Having Enough

by Barbara Wheeler-Bride

Therefore I tell you, do not worry about your life, what you will eat or what you will drink, or about your body, what you will wear. Is not life more than food, and the body more than clothing?

—Matthew 6:25

After college, I worked in a small nonprofit in Jackson, Mississippi. Sometimes I would sit with the executive director as she looked over the week’s financial statements, expenditures for bills and payroll, and our income from donations and grants. Faced with tough decisions about how to make our small income stretch to cover expenses, she would lean back in her chair, sigh, and pray, “Lord, give us this day our daily bread.” Not for next year, next month, next week, or even tomorrow, but today. Give us enough for today.

I would screw up my face (or at least in my mind) and look at the realities of the numbers around us and wonder, We might need to take a more practical approach. But while my executive director was praying Jesus’ words found in Matthew 6:11, she was living his teaching in Matthew 6:25: “Therefore I tell you, do not worry about your life, what you will eat or what you will drink, or about your body, what you will wear.”

People are hungry because they don’t have jobs (or jobs that pay enough) and can’t afford to buy food. Children go to school without breakfast—and maybe even dinner the night before—and have trouble concentrating throughout the day. Seniors can’t string together enough retirement and Social Security to provide for themselves. And if you work with a food pantry or other feeding ministry, you can add to this “worry” list.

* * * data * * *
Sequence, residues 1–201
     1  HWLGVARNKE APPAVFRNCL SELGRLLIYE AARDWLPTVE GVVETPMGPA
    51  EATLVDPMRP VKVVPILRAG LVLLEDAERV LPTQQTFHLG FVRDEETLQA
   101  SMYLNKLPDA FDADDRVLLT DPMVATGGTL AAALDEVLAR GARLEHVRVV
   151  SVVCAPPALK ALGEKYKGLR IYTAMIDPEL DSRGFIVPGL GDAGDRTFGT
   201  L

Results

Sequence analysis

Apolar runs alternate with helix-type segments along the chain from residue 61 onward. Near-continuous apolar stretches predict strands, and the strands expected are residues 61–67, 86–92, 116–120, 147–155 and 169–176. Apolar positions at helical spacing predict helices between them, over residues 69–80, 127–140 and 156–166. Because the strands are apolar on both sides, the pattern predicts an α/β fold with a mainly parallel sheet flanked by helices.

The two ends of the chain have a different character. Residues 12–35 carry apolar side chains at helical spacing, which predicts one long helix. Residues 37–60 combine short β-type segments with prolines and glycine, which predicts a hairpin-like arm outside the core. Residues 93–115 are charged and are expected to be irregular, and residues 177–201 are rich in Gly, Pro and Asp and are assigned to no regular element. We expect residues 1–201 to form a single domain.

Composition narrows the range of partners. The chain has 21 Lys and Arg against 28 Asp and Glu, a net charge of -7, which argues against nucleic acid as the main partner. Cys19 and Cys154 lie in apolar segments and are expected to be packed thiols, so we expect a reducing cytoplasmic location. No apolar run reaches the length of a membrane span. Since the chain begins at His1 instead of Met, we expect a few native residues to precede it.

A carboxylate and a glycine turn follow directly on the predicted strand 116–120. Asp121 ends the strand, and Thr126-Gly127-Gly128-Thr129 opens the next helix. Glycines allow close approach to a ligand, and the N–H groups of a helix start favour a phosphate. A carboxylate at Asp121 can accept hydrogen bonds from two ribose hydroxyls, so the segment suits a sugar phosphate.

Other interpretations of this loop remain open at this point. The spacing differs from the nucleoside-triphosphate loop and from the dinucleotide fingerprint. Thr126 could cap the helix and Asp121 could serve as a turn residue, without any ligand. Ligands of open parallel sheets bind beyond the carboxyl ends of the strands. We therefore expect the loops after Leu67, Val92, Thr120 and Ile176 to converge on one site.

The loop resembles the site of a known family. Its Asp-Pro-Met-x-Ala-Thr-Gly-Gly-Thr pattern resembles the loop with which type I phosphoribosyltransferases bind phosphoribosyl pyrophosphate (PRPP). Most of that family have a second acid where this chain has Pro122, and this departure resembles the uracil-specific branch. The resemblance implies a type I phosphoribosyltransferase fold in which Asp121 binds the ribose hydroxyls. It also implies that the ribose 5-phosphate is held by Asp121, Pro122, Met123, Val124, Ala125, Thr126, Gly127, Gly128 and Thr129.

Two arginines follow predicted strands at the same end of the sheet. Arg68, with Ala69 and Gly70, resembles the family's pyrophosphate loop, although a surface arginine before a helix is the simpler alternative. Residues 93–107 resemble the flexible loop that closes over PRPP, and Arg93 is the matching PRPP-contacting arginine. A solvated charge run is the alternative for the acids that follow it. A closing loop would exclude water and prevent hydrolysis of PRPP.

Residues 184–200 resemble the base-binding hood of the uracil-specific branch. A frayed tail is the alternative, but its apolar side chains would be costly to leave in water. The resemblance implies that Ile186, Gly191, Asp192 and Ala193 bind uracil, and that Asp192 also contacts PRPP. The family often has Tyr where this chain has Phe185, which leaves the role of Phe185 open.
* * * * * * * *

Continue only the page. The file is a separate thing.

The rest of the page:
As Christians in a land of plenty, how often do we still only see scarcity? We look around and see that there’s not enough. The examples above point to a lack of income, insufficient safety nets, and gaps in our efforts to care for the weakest and most marginalized in our society. And as our own personal investments and savings grow at rates we can’t imagine will sustain our futures or we fear losing our jobs or our homes in a time of creeping economic recovery, do we truly believe that God is going to provide what we need and even enough for us to share with others?

But the message in the Gospels is that God does provide. Feeding the 5,000, filling fishermen’s nets—God gives people what they need. Jesus disciples’ looked at these individual situations and doubted there was enough. They saw scarcity. Jesus saw abundance. How often do we take the disciples’ view? In the example with my executive director, I doubted, I worried—like the disciples—that there just wouldn’t be enough.

Today, it is up to us to view the world in the same way Jesus did and share and determine how we use our resources to make sure there is enough for everyone. This becomes even more important as the disparity grows between those who have more than enough and those who struggle to live on small incomes, food stamps, and other assistance. Our “worry” can be calmed by God’s assurance that there will be enough. We can start to look for the abundance—even in the midst of being challenged by the shortages we see around us—and turn our worry into action. In the examples of feeding the 5,000 and the fishermen’s nets being overburdened with fish, the people who were with Jesus took action. They shared the food they had, they lowered their nets into the water, and there was enough (more than enough!) for everyone.

As we read the Bible, and this miracle appears again and again, it should remind us that God sees that abundance already exists in our world. We must adopt that vision as well. Once we truly see that, hunger in our midst becomes even more scandalous. Abundance should convict us to be even more persistent in our advocacy, even more insistent that we create a world where all are fed.

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